“They’re calling me Sudu Mhatema, or Mr. White Man,” Kaczor says.

He explains he was treated as a sort of celebrity among the locals since it wasn’t a tourist destination, so it was the first time for a lot of people seeing a white man. He was invited over for dinner by everyone in the village, and they’d bring out their best dishes.

After some time, he met his now wife.

“My wife was actually my student, and it was after the 30 days [of teaching] we decided to try this thing [being together],” Kaczor says.

“You don’t date there,” Kaczor states. “I told her we’d meet in secret, she was a school teacher and I was teaching school teachers.”

Kaczor didn’t want to ruin her reputation so he proposed.

“What we can do is have lunch on Sundays in Kandy (a nearby town)” he says, describing their time together. “I’d take her to a nice hotel and we’d get a nice Sri Lankan meal.”

Soon Kaczor met her parents. Kaczor remembers her father’s reaction especially and eating lunch with him afterwards while he was dressed in police uniform.

“A few weeks passed and she invited me to her parents’ home in Colombo (her hometown)” he says. “I had lunch with them, and the mother took a liking to me….Her father didn’t go for the idea at all…I had lunch with [only] her dad after…He was dressed in uniform with the side arm on.”

Kaczor eventually won her dad over however through his respect of the culture.

“I arrived in the ceremony dress, given to us at the beginning; he was impressed that I was dressed like that, and impressed that I spoke Sinhala, and that I spoke rather well,”Kaczor says. “I did the proper thing and served his rice first, and I topped it with curries, and then I asked permission, and I served myself, and that was that.”

Kaczor’s own father’s reaction was hesitant.

“My dad sent me a letter that was 10 pages long, and in red ink, about how I should come home first and think about it, and send for her if it’s still a good idea.”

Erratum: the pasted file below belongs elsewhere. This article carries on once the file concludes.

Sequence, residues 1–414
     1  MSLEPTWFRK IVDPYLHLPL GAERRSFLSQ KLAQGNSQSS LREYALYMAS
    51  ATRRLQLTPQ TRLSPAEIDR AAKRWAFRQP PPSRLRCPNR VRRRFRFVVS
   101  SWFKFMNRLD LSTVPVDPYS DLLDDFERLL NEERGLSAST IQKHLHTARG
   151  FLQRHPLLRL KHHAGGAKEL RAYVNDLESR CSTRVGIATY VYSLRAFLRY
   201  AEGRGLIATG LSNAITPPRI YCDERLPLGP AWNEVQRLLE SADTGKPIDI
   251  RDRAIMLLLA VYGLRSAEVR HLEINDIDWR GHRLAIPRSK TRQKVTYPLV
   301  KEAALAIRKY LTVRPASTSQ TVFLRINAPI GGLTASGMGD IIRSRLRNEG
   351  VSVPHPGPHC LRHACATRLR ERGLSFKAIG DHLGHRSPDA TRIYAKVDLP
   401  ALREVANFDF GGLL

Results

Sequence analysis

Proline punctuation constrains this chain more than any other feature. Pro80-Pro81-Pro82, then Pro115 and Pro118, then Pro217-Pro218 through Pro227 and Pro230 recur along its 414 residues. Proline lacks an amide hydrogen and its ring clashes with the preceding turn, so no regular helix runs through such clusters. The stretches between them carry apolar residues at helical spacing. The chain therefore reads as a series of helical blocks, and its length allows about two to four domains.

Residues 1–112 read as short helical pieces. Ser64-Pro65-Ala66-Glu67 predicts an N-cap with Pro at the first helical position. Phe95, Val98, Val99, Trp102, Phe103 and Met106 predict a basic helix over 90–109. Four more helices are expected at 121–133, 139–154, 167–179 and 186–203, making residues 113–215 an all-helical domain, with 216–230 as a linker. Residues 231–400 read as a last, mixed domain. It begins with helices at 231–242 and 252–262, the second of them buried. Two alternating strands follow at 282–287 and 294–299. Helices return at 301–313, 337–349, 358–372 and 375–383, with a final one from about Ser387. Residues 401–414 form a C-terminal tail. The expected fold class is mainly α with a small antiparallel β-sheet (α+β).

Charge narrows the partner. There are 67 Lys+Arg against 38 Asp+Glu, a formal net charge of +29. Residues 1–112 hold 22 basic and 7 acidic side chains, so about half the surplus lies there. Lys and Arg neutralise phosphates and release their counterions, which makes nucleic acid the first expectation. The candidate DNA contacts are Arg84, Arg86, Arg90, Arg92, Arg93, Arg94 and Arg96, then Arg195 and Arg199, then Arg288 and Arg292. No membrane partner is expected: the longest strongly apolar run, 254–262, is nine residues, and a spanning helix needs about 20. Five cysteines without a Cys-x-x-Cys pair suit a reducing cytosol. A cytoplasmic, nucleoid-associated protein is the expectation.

They got married a year after their initial secret dates.

“Good thing was that she could come home with me, she had a visa,” Kaczor says.

After his time in the Peace Corps Kaczor returned home with his wife. She started school at Parkland, studying health professions.

“I wanted to get my master’s when I got back,” Kaczor says. “They had an opportunity going on with University of DePaul, and New Mexico.”

Kaczor applied, and was accepted to the program in New Mexico. His education was paid for by Reader’s Digest though a program that had him teaching on a reservation. His wife continued her studies as well after the move.

After two years of teaching on the reservation, he got his master’s in Education and came back to Parkland.

“I came back wanting to get a teaching position, I got a part time position teaching ESL at Parkland for 2 years,” said Kaczor. “I’ve been here for 20 years, full time, I taught for two years, and have been in admissions ever since.”

Kaczor says of all his educational experiences, his time overseas was the most rewarding.

“I honestly think I learned more in my time overseas than in my master’s program,” he says.

He encourages others to join the Peace Corps if they have time.

“I tell anyone, if you’ve gotten a bachelor’s degree, and it’s been a year or so and you’re struggling to start your career,” Kaczor says, “Join the Peace Corps.”